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Can A Commercial Hub Refocus East Boston’s Maverick Square?

Can A Commercial Hub Refocus East Boston’s Maverick Square?
Rendering of Maverick Corner, looking along Maverick and Chelsea streets

East Boston is having a moment. The neighborhood, which for years has been a relative backwater for real estate, is now piquing the interest of developers who see potential in its proximity to public transit and picturesque water views.

But an emphasis on multifamily buildings has kept East Boston largely a bedroom neighborhood that lacks many of the commercial services that draw in modern city dwellers. 

Maverick Corner, a new commercial project developed by Linear Retail and designed by Newton-based architecture and planning firm Form + Place, is hoping to capitalize on new demand for businesses and reshape how residents experience the neighborhood.

“Great neighborhoods come from having a mix of people working, living, eating, shopping and taking part in civic life, all in close proximity,” said John Rufo, principal at Form + Place. “Maverick Corner was the logical next step in the neighborhood’s resurgence.”

Numerous large apartment buildings have sprung up along the waterfront periphery of East Boston, with names like The Eddy, Portside and Clippership Wharf. But away from the water, around the Maverick Square T station, the sites are smaller and development has been more granular.

Planted at the northeast corner of Maverick Square, Maverick Corner hopes to become the nucleus of a more vibrant East Boston. Plans are for the project, recently approved by the Boston Planning and Development Agency, to include a café, a fitness tenant, and a restaurant with a third-floor deck and views of the Boston skyline.

Rufo sees this development leading the charge in East Boston's resurgence, but noted that Maverick Corner's design has purposefully drawn inspiration from its surroundings. As the development team worked through the neighborhood review process, the project evolved from a two-story building with a contemporary glass and steel exterior into a more substantial three-story building with a brick and stone facade that recalls the brick row houses in the area.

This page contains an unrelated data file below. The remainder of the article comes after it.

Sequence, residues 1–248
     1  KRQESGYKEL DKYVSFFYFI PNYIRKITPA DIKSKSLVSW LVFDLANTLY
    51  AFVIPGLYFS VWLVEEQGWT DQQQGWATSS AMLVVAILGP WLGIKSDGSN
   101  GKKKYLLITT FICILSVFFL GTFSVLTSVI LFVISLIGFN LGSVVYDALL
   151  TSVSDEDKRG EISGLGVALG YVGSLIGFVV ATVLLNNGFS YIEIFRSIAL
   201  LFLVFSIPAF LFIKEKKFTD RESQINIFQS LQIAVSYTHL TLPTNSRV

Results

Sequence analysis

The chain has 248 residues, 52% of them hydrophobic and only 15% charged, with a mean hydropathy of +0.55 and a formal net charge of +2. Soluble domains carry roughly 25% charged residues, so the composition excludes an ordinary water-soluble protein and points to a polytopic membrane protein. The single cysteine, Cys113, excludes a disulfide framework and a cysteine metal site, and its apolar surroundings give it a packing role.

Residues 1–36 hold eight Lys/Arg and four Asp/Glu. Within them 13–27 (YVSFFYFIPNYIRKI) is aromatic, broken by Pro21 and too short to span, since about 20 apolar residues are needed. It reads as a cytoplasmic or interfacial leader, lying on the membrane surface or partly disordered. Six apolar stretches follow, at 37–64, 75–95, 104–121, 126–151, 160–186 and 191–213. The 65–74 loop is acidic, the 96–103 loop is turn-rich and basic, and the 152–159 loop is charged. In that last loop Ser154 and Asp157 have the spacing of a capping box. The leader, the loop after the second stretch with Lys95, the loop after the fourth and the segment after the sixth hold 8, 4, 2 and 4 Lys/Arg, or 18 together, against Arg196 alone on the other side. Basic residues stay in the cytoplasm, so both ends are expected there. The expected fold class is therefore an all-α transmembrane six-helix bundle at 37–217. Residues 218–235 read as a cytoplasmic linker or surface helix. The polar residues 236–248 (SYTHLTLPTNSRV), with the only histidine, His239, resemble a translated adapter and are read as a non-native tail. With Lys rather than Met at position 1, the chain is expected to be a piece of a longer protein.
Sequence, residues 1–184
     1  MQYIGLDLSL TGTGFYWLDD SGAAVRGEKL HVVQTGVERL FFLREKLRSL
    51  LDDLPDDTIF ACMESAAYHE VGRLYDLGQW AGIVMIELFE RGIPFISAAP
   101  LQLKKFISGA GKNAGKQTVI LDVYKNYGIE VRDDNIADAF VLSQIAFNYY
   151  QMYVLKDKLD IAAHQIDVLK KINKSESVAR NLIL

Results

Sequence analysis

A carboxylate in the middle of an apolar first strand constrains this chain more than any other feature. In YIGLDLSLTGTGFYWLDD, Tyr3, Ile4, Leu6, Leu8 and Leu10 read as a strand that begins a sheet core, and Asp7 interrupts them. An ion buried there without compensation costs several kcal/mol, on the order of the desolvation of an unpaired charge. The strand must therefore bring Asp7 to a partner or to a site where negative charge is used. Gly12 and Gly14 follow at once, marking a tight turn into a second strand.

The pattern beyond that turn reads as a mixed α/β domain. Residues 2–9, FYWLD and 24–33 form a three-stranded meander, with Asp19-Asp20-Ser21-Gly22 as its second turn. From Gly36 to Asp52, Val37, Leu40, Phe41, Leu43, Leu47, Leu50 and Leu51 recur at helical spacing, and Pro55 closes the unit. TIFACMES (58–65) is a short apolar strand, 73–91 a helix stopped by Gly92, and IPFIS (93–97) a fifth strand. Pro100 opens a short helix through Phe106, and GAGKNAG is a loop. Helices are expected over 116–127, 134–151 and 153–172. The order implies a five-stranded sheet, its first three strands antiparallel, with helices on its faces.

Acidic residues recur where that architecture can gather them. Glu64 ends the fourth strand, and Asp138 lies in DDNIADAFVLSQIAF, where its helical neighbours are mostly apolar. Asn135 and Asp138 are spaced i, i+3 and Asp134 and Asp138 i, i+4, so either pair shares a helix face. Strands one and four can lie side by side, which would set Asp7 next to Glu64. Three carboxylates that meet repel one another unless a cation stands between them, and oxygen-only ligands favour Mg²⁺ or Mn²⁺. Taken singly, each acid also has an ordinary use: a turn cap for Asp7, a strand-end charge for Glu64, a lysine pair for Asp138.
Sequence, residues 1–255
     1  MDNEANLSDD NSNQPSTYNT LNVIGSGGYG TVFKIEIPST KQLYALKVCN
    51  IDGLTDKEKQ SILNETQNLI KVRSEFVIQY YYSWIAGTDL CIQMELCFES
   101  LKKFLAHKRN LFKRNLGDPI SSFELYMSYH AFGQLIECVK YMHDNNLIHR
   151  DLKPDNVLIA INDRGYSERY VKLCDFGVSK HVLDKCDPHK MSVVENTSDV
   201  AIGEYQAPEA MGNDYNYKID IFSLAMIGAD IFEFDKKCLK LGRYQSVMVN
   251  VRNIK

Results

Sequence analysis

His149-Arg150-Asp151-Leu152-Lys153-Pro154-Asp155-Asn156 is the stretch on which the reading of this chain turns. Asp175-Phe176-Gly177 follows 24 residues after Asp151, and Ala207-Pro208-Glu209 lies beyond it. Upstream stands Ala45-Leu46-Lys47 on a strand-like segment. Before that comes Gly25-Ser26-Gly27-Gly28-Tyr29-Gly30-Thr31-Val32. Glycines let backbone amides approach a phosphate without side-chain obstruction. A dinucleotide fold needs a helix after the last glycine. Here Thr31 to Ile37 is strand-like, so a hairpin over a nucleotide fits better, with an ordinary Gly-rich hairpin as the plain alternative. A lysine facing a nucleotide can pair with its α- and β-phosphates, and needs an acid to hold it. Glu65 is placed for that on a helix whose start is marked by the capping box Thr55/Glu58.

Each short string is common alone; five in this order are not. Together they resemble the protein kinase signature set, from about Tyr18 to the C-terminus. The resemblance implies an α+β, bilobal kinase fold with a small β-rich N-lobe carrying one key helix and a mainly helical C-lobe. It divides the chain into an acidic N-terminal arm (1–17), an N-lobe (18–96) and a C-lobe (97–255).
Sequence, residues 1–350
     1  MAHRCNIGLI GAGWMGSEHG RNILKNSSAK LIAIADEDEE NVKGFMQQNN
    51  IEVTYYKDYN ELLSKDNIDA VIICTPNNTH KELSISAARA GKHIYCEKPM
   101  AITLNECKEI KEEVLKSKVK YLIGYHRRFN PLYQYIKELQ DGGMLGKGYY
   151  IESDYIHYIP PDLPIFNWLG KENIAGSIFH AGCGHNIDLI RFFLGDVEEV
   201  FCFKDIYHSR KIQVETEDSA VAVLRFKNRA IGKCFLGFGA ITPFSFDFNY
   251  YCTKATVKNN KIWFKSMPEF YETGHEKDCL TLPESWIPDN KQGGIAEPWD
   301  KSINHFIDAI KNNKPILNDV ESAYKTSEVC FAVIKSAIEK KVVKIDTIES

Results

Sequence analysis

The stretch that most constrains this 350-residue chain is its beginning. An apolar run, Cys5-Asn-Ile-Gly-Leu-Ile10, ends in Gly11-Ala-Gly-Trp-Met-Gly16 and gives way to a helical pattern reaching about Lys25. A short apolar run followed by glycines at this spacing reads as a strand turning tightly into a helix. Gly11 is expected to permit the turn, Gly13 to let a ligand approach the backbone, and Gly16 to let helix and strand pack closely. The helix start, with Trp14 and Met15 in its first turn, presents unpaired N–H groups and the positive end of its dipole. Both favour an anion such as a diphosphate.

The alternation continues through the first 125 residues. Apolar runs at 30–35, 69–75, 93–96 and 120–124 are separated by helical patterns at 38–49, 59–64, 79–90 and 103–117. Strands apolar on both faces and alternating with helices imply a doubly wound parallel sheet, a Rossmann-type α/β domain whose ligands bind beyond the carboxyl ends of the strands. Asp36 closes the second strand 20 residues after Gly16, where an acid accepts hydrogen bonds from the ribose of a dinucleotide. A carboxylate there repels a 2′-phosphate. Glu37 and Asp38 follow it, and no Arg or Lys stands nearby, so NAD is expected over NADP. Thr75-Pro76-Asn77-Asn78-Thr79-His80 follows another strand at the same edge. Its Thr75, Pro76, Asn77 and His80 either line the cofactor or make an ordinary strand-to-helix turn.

Can A Commercial Hub Refocus East Boston’s Maverick Square?
Maverick Corner from Chelsea Street, showing the building's three elevation profiles.

"Every time we consulted with people in the community, they offered constructive feedback, and the building got better and better,” said Joel Kadis, partner at Linear Retail, the developer behind Maverick Corner. “They really wanted something they could identify as belonging in Maverick Square, and I think we achieved that."

One of the biggest surprises of neighborhood review was that longtime locals wanted the project to be bigger. Even as they worked to preserve the feel of their neighborhood, Kadis said, there was a clear demand and need for more businesses.

To help the development feel organic and compatible with its East Boston home, Form + Place broke up the massing of the building, so that the structure appears to be composed of three distinct buildings. Though it has a larger floor plate than its neighbors, it does not seem to dwarf them, instead blending smoothly into Chelsea Street and Maverick Street, two of the neighborhood's main thoroughfares. 

While the idea of a residential building at Maverick Corner was floated numerous times, Linear Retail was resolute that East Boston needed a commercial re-centering, and Form + Place helped Linear realize that goal.

“Our process starts with listening deeply to the developer’s goals, but also listening closely to the community’s needs and aspirations,” Rufo said. “Maverick Corner is really part of a larger mixed-use, transit-oriented project that encompasses the whole neighborhood.”

While Maverick Square still has a long way to go before it can be called bustling, its growth has been foreshadowed. Beyond Maverick Square, Form + Place's community building efforts have continued to help breathe new life into neighborhoods around Boston.

In Winthrop, Form + Place’s recent master plan, produced in conjunction with MassDevelopment, is fostering the first mixed-use developments in the town's heart. And in Watertown, the firm was involved in the creation of a new mixed-use district along the Arsenal Street corridor, best known for the development of Arsenal Yards. 

In its architecture, planning and rezoning efforts, Form + Place draws inspiration from the local context to help each area maintain a unique feel.

“In the planning and design world, we’ve been talking about placemaking for more than a decade,” Rufo said. “Now developers are catching on and realizing the difference it can make in driving the revitalization of areas that need it most.”

This feature was produced in collaboration between Bisnow Branded Content and Form + Place. Bisnow news staff was not involved in the production of this content.